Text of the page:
BVI finale

Back in February, when coronavirus was barely a blip on the radar, we were still in the BVIs, after finally making our annual escape from SXM. We love St. Martin but it seems to have a magnetic pull that keeps us from exploring further afield, so when we finally leave we wonder what the heck took us so long (it’s hard to leave great friends and $1 happy-hour beers).

When we left off in the Virgin Islands, we were looking for a place to hunker down for a week-long windy patch. After scoping out several anchorages, we finally dropped the hook in Trellis Bay. We hoped this anchorage on Beef Island, on the north-east side of Tortola, would offer some protection from the howling easterly wind.

Trellis Bay (top right corner) – map c/o

The nice thing about this anchorage was that it had a small, well-stocked grocery store, a few beach bars and restaurants, and an airport, which meant easy access to rental cars.

Aragorn’s studio on the beach at Trellis Bay
Our first time seeing hatchlings!

As we discovered, Tortola doesn’t really have a public transit system, and taxis charge their rate per person, making transportation difficult and expensive. So we opted to rent a car to explore the island. Whenever we rent a car, it usually means that we have chores to do, and this time was no exception. We had to replace the raw water pump in our engine, which had begun to leak quite badly, and luckily one of the chandleries in Road Town carried the exact one we needed (a miracle in itself). Besides checking out all the chandleries, we took the opportunity to provision at the larger (i.e. better stocked and less expensive) grocery stores, while exploring a bit more of the island than we would see from the boat.

Mel ready for a day of land-based adventures

Sunday, February 9 was the night of the highly anticipated Trellis Bay Full Moon Party, a monthly happening for cruisers and locals alike, with Painkillers, delicious barbecues, awe-inspiring wrought-iron fireballs, giant hammocks, local musicians, artists, acrobats, and moko jumbie dancers. A good time was had by all.

The full moon emerging
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Lighting the fire balls at Trellis Bay.

A post shared by David & Mel (@svsgrail) on

Chilling on the giant hammock

We ended up staying a week in Trellis Bay, getting jobs done, making new friends and re-connecting with old ones.  Mel’s mom also flew in for a week, and we rented a car again to visit spots on the island that were more difficult to get to by boat (read: the hardware store in Road Town for more boat parts).

One highlight of mom’s visit was finding a quiet anchorage around the corner from Trellis Bay on the south side of Beef Island. Surrounded by a large protective reef, Bluff Bay was tiny and quite shallow, with room for only one or two boats, so most nights we had it all to ourselves. The water was so clear we could see the rays swimming under our boat, and at night bioluminescent shrimp-like creatures came up to the surface. It was one of those truly awe-inspiring places.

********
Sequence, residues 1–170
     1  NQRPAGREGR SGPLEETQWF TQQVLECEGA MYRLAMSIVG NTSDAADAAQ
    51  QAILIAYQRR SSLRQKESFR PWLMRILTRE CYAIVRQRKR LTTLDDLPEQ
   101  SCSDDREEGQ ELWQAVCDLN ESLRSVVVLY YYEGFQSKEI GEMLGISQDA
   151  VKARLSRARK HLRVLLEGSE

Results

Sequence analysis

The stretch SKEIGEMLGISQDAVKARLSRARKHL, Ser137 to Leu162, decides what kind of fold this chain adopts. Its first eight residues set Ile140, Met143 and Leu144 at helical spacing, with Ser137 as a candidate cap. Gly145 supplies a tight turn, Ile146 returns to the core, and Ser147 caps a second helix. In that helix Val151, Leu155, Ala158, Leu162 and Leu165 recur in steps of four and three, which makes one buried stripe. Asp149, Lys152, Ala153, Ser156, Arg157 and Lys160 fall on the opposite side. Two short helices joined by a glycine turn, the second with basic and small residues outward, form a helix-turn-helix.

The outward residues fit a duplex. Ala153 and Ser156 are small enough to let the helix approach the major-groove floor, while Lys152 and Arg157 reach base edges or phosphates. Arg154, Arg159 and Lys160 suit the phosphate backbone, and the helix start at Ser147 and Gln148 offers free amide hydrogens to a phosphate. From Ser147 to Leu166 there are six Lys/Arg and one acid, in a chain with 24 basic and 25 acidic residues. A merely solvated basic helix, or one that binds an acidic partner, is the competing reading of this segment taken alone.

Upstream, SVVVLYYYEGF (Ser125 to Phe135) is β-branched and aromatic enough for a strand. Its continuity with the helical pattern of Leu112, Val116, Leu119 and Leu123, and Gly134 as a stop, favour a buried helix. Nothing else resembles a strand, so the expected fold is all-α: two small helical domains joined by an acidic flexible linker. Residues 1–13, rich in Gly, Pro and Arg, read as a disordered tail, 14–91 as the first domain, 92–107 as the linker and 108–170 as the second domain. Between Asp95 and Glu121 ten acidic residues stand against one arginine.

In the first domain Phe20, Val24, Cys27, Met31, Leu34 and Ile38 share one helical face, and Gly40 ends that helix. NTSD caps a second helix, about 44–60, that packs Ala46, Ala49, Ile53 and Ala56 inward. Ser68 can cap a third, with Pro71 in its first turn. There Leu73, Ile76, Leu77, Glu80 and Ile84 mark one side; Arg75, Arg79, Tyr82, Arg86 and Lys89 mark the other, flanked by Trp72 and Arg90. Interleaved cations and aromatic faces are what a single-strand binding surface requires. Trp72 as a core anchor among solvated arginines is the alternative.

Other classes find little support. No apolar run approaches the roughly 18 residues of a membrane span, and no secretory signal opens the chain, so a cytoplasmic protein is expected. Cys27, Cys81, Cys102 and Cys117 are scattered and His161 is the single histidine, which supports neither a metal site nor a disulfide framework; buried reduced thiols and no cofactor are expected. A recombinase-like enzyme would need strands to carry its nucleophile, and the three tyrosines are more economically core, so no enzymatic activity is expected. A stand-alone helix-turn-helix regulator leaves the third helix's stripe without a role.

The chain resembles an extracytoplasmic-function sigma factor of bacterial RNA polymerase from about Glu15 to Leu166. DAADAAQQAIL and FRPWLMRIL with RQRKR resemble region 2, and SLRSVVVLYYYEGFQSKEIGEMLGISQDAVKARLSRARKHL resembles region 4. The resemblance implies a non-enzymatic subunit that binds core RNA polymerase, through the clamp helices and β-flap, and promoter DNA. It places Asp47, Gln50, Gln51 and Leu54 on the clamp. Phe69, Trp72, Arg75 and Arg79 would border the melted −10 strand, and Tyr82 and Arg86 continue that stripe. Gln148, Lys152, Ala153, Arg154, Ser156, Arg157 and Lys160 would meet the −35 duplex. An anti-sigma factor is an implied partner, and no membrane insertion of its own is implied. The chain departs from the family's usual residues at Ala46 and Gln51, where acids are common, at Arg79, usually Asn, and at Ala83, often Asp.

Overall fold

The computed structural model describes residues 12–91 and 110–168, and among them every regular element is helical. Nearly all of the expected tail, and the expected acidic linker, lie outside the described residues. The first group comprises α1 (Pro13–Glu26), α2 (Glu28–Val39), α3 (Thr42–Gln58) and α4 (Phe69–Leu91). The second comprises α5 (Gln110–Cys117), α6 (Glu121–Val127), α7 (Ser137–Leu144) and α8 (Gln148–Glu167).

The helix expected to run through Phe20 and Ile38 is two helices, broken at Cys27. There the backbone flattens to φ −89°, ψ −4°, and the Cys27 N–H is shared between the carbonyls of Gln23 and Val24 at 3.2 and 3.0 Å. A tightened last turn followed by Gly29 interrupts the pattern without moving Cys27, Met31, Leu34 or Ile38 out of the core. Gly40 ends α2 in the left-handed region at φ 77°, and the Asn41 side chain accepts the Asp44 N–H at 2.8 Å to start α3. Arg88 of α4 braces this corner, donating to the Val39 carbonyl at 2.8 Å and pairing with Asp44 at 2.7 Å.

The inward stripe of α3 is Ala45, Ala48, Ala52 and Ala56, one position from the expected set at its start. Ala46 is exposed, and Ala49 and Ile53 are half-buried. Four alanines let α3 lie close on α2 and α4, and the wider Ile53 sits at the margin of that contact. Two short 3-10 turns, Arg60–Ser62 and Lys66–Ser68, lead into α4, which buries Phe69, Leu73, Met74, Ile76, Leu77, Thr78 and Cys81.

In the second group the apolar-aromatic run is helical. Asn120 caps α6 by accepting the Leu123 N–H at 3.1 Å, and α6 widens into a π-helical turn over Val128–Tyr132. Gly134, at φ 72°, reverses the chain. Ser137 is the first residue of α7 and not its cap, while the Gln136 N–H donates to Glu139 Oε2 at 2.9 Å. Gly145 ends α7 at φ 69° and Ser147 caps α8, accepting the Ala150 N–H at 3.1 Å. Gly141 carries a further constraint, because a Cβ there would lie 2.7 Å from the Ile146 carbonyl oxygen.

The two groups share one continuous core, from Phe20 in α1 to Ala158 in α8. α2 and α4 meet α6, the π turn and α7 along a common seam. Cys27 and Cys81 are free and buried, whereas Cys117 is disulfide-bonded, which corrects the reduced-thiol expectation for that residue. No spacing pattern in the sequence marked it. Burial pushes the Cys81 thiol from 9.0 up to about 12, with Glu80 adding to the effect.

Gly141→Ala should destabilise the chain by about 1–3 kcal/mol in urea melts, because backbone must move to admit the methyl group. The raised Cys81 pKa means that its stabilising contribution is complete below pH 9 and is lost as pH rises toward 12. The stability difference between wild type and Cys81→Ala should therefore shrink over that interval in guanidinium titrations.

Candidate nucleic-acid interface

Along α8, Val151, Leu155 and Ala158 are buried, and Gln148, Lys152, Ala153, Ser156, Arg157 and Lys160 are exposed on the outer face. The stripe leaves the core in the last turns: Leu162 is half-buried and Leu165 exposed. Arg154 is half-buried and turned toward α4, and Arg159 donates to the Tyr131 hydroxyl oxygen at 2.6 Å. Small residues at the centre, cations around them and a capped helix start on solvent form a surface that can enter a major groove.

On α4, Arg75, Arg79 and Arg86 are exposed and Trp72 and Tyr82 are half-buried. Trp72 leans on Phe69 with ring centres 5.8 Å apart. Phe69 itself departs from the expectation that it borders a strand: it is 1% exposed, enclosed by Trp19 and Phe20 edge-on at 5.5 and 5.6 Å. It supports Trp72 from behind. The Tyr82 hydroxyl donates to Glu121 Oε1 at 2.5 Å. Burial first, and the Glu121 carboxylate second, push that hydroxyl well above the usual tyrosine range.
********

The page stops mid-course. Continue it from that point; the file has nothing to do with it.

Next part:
Route to Bluff Bay
Panorama of the Bluff Bay anchorage

When you look up the BVIs on TripAdvisor, the top-rated activity is The Baths. This national park on Virgin Gorda was the one thing that absolutely everyone recommended, so we had waited for mom’s visit to go. It did not disappoint.

With mom’s flight home leaving from the US Virgin Islands, we cleared out of the BVIs and made our way to Cruz Bay on the island of St. John. Once mom was safely on the ferry to the airport in St. Thomas, we motored around the corner to meet up with friends in Francis Bay, a lovely, large bay.

Francis Bay, St. John, USVI

We were very impressed with St. John – most of its bays were part of the National Park where anchoring was strictly forbidden. The National Park Office has installed several mooring balls available for $26/night, which is paid at an honour-system pay station on a floating dock in each anchorage. The water there is so clear, and the diversity of marine wildlife absolutely astounding (i.e. lots of turtles!). It’s truly amazing how quickly the marine ecosystem recovers when anchoring—which can destroy coral and the marine floor if not done properly—is forbidden. We spent the next few days in a forced digital detox, since our Caribbean phone plan apparently did not include the USVIs. We chilled out, snorkeled, hiked, crossed some boat projects of our list like fixing our regulator/alternator, had a daily happy hour with our friends from Haven and Joli, played dominoes, and planned our next move, as all of our plans slowly came unraveled.

Stay tuned to see where the wind would take us next!

5 thoughts on “BVI finale

    1. Yes even within the same island, the different anchorages have individual personalities. There is an anchorage to suit all tastes, whether you want to party, go hiking, snorkel, or just chill.

      I keep joking to my mom that it’s a good thing she didn’t come down at March Break!


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